Niamey, Jul 31 (EFE).- The military junta in Niger on Monday accused France of planning a military intervention in the country to free the deposed president Mohamed Bazoum.
The military junta, dubbed as the National Council for the Safeguard of the Homeland (CNSP) on Wednesday overthrew the elected government of President Bazoum, who has been held by members of the army since then in the presidential palace.
“In its search for ways and means to intervene militarily in Niger, France with the complicity of some Nigeriens, held a meeting at the General Staff of the Niger National Guard to obtain the necessary political and military authorization,” junta spokesperson Amadou Abdramane said in a statement.
Abdramane said the country’s deposed foreign minister Hassoumi Massoudou, acting as prime minister, attended the meeting to authorize France for the military intervention.
The spokesperson claimed to possess the document that Massoudou had signed to authorize France’s military intervention.
“I Hassoumi Massoudou authorize the French partner to carry out strikes on the Presidential Palace to free the kidnapped President of the Republic, Mohamed Bazoum,” the spokesperson said, quoting part of the alleged document.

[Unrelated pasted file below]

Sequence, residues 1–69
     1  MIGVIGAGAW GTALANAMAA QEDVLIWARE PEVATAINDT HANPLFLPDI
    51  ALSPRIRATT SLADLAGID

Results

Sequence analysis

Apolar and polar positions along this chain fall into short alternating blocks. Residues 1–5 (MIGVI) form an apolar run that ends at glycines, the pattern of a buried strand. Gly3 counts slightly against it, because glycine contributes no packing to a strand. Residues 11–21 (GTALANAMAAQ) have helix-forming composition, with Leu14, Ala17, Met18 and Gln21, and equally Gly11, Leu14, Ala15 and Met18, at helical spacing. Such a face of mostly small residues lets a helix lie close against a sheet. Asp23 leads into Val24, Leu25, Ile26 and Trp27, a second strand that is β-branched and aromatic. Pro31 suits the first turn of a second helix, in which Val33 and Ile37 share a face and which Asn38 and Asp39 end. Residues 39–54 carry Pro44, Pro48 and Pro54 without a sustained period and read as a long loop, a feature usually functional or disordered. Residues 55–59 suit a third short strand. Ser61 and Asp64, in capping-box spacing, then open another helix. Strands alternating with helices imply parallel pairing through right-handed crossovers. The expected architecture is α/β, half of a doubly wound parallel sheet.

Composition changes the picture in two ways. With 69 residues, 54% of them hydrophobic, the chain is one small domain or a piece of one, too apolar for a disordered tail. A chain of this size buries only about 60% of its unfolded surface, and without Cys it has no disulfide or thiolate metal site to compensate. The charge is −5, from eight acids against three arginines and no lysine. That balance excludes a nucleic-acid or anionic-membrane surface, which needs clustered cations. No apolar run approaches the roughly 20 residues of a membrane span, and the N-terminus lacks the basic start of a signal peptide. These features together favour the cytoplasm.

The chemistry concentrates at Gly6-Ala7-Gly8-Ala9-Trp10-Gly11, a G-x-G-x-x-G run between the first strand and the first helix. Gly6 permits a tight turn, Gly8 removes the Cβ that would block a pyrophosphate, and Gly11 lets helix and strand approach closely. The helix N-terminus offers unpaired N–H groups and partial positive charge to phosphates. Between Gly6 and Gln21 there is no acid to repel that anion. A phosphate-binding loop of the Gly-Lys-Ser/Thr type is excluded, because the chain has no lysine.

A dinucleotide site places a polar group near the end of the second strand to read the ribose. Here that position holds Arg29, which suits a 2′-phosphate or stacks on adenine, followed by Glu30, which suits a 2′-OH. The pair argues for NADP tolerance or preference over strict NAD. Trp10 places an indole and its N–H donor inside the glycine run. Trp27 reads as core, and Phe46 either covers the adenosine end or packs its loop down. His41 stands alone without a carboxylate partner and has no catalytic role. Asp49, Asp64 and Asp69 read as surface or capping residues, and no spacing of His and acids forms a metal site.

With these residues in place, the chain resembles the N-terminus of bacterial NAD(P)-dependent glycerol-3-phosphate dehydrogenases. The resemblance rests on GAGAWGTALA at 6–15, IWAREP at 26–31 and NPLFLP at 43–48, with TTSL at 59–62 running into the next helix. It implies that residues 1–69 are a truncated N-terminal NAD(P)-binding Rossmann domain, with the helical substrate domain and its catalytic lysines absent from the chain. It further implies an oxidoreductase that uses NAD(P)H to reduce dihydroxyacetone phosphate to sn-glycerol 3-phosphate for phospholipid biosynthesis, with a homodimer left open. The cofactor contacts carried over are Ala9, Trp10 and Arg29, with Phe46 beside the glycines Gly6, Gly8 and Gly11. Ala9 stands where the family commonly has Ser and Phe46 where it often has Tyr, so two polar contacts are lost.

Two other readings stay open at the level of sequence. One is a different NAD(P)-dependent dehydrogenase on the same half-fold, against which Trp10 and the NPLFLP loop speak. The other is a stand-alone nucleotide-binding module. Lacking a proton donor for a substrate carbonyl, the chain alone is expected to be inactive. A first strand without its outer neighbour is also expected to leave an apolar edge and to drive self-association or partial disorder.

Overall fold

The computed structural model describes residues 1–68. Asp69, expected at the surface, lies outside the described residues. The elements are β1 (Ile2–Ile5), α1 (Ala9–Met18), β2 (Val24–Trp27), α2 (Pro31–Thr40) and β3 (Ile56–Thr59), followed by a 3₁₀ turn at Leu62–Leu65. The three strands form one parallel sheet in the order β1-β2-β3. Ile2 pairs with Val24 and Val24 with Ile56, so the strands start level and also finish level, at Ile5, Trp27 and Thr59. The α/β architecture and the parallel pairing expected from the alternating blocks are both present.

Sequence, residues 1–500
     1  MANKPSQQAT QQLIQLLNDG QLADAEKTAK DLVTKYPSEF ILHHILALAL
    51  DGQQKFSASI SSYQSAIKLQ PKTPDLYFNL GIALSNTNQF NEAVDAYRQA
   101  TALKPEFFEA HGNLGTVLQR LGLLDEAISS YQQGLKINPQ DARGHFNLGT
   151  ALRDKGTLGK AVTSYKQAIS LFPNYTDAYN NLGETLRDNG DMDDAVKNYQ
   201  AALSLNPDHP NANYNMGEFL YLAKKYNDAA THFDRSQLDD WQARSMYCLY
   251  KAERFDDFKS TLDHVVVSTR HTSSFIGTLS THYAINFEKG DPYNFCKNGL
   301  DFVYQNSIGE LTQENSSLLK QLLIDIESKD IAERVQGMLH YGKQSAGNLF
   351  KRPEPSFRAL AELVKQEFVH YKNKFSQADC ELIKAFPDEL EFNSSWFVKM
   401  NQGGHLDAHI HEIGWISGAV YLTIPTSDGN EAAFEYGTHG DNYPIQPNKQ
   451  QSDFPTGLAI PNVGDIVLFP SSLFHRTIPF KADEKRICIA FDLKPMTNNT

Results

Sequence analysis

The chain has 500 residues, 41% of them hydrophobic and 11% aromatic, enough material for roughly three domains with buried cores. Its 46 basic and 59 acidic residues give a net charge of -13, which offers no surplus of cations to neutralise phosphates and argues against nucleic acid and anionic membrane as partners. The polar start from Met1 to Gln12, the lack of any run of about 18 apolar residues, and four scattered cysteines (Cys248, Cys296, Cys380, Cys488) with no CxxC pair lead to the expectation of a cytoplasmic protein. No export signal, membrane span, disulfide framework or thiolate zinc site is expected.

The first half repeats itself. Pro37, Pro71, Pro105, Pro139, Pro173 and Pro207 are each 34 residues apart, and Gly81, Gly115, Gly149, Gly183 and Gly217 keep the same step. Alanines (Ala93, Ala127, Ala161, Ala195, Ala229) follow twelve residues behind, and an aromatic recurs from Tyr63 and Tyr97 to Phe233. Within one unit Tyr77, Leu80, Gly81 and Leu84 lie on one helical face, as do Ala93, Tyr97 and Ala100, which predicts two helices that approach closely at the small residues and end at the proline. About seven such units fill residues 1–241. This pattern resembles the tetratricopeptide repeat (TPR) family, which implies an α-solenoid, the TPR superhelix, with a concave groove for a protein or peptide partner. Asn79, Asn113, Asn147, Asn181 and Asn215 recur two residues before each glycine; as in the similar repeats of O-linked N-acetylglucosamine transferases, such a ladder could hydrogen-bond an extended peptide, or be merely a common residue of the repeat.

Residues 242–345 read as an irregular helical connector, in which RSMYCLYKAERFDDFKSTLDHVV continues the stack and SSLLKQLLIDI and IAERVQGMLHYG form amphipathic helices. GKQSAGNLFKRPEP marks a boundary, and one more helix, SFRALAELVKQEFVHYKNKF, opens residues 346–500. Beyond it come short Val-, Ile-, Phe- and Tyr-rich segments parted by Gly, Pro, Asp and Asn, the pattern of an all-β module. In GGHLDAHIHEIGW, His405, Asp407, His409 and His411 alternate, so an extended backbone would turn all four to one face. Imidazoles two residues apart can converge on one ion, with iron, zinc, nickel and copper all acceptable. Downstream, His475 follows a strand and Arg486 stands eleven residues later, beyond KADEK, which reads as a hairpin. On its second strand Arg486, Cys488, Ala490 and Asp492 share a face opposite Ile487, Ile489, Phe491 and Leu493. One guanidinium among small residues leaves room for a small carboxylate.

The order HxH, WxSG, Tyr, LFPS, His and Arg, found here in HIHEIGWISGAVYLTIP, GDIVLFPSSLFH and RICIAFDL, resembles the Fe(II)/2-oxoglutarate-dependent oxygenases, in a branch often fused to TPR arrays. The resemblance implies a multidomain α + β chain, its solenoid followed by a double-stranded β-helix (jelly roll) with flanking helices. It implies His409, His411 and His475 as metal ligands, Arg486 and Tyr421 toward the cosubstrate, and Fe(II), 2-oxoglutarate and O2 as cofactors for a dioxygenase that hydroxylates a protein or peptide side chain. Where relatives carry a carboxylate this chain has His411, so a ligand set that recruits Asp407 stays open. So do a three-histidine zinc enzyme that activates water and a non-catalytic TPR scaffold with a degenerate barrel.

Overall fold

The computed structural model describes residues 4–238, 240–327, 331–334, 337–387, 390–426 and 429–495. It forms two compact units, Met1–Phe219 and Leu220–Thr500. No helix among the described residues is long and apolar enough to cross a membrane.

The junta spokesperson in another statement accused the security guards of the French embassy in Niamey of adopting a “destabilizing attitude” against hundreds of demonstrators on Sunday.
He claimed the security guards have “fired tear gas grenades and used weapons” against protesters that resulted in six injuries.
The military junta, after Wednesday’s coup, deposed the president and suspended the constitution.
Since then all institutions and borders have been shuttered and a night curfew is in place across Niger until further notice. EFE